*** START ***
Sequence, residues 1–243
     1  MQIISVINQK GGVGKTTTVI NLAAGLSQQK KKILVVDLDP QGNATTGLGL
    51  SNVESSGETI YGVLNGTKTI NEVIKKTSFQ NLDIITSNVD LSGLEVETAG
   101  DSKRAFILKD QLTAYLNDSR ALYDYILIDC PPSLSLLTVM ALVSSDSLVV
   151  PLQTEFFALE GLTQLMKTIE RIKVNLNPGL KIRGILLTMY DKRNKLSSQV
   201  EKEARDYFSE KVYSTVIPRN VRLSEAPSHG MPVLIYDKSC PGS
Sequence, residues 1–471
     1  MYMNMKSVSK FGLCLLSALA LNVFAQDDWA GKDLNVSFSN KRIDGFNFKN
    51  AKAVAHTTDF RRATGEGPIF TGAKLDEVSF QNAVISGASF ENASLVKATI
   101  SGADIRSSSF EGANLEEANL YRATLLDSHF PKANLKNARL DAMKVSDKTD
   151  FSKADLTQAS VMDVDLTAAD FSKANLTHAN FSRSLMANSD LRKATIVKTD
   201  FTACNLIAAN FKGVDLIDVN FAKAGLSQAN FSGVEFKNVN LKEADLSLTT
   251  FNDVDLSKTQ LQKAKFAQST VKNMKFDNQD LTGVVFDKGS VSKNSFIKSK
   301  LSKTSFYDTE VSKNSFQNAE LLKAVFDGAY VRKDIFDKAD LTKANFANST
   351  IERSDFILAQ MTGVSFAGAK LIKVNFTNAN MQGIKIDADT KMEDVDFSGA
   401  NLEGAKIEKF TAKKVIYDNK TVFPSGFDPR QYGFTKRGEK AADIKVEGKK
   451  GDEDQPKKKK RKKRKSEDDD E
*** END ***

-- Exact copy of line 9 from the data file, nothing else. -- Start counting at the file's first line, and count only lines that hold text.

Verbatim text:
    51  AKAVAHTTDF RRATGEGPIF TGAKLDEVSF QNAVISGASF ENASLVKATI